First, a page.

If you need journals for other parts of the world, there’s Historical Abstracts, or the HAPI database that UCLA for Latin American periodicals. None of these are very good before the 1970s, with some exceptions: if a student is working on a topic that requires journal articles before that time, students have to learn how to use CRIS; your library will have the volumes, but so does HATHI Trust online. CRIS is the Combined Retrospective Index Set to Journals in History, indexing history periodicals from 1838 to 1974. Particularly for projects that have an historiographical approach, students may need to work through CRIS, America: History and Life, and JSTOR, at a minimum.

To fill in gaps that America’s Historical Newspapers has, there are multiple options. Pray that the answer can be found via the American Periodical Series, as that has the best search engine of these five. Remember to tell students that the older the newspaper and search engine, the more likely the OCR made errors in “reading” the text, turning some figures (the German ß) into the letter “B” for example, or turning the “s” into an “f” (when eighteenth-century typesetters used the “f” to stand for a single “s”—the simple word “postscript” might be rendered by OCR into “poftfcript”. Wildcard searches are recommended when working with any newspaper database, to solve this kind of problem with OCR or typesetting from earlier time periods.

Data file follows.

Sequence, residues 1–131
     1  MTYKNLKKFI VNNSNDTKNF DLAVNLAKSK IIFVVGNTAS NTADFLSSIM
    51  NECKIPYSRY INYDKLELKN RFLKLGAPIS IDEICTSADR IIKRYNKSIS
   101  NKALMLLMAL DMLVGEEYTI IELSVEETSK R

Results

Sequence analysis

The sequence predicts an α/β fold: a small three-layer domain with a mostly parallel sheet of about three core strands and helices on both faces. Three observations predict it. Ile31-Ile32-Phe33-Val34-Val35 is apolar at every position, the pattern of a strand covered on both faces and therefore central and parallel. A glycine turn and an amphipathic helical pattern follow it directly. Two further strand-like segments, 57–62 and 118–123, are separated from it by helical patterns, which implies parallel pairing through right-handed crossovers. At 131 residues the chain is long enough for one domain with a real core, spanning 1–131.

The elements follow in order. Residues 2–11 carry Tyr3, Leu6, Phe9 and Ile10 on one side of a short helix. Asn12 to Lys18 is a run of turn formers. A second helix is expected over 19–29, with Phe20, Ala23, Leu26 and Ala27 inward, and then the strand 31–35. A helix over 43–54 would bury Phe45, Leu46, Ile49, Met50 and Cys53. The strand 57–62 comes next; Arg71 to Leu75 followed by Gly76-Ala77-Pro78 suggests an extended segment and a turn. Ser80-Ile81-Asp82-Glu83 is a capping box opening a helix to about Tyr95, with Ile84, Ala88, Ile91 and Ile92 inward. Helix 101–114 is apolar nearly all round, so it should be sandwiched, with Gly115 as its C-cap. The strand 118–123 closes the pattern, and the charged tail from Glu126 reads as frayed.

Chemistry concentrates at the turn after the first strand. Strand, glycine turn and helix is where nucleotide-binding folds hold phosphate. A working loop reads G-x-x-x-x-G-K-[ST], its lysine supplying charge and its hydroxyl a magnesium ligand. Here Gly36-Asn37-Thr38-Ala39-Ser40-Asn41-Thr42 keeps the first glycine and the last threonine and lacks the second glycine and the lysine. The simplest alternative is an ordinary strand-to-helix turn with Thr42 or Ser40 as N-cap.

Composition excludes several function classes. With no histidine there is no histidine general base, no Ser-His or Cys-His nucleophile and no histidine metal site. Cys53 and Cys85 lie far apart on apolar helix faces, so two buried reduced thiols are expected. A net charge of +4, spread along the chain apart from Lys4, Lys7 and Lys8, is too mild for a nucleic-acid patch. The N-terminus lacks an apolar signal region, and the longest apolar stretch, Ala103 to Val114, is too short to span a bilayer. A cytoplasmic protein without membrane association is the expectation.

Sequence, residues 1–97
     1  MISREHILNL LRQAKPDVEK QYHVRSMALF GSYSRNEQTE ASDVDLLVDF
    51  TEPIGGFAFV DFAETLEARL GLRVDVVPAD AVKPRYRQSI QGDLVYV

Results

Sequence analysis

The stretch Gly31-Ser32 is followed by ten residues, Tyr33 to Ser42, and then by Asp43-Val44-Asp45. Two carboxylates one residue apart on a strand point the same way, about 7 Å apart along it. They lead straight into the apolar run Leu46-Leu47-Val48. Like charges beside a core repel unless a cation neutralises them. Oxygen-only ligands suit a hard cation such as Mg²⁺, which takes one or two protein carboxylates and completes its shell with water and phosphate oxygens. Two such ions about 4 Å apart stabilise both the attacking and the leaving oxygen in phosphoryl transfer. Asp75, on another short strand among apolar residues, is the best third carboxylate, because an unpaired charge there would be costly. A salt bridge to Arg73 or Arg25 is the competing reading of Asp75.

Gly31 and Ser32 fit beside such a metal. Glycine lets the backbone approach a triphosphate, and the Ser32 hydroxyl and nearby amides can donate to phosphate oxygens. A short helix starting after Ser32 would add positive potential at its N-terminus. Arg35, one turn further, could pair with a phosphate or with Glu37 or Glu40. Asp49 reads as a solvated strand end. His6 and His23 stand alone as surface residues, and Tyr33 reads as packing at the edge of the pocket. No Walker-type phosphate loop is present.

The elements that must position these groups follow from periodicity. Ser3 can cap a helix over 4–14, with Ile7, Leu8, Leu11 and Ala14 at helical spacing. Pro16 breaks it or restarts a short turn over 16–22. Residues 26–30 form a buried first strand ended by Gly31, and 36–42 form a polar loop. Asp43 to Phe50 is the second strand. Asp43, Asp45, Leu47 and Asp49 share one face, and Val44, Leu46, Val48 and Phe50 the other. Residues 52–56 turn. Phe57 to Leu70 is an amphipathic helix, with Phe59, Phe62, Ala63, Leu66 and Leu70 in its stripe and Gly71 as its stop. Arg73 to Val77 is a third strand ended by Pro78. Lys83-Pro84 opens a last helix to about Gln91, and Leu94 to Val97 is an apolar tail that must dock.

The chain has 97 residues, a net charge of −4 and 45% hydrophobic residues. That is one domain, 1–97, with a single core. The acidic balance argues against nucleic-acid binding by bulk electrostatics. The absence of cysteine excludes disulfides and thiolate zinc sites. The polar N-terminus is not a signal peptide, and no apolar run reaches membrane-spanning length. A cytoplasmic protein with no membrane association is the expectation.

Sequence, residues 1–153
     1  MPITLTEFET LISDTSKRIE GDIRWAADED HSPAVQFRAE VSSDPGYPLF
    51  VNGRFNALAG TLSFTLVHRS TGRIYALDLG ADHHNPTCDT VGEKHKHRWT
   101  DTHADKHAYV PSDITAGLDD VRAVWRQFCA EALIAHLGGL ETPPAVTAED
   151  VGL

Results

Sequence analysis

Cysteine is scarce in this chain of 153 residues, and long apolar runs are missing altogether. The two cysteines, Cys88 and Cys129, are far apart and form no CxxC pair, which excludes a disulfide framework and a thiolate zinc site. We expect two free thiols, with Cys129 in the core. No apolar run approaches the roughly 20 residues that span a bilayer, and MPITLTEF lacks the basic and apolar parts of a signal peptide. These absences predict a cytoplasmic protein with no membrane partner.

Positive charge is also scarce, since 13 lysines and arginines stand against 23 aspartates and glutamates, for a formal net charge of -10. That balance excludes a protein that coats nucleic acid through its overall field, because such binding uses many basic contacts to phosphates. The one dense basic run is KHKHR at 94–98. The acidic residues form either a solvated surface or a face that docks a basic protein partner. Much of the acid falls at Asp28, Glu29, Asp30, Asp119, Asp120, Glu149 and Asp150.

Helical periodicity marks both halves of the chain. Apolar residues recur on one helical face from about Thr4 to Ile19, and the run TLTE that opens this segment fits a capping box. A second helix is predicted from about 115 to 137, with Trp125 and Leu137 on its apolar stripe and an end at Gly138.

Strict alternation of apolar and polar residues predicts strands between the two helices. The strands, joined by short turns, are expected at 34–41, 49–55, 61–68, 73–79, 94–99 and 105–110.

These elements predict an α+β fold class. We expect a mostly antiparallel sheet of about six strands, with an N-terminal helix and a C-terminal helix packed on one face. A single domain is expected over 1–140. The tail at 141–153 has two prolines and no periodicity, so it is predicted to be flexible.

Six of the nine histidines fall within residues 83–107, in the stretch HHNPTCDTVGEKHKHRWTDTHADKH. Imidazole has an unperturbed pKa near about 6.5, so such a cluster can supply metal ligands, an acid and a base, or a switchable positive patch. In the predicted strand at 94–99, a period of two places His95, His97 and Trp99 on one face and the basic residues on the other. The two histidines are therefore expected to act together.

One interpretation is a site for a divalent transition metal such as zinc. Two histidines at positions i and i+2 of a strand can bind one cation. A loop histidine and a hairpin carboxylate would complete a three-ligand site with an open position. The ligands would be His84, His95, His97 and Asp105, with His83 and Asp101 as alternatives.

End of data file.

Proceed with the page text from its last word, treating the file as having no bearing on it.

You’ve got a student who wants to look at a legal history topic that has some colonial American angle, possibly an English angle too: how ideas about the presidency seemed threatening, given what people thought about monarchy, or how English colonists thought about power? Sovereignty? Branches of government? You’ll need to be able to lead them to the English resources that will give them background for comparisons, particularly when it comes to writing about the Founding era. The fastest way to find books or pamphlets from the 15th century up to 1700 is Early English Books Online. 18th century? You want ECCO, a database built originally by the British Library using their own holdings, supplemented by Oxford’s and Cambridge’s. There’s a new database they’re building called NECCO that focuses on nineteenth-century materials that will cover the same English holdings once it is complete. To get at legislative debates in Parliament, they’ll need Hansard’s (free, fully searchable); to understand who was who, in either the House of Commons or House of Lords, they’ll need the History of Parliament biographical search; to find English statute law, they’ll want Halsbury’s. For analysis of judges, judicial biographies, court notebooks, and all sorts of legal texts—typically with fantastically high levels of documentation and annotation, then the Selden Society volumes are where to begin. Selden is devoted to English legal history and has published transcriptions and in many cases translations from Latin to English of the original medieval legal texts.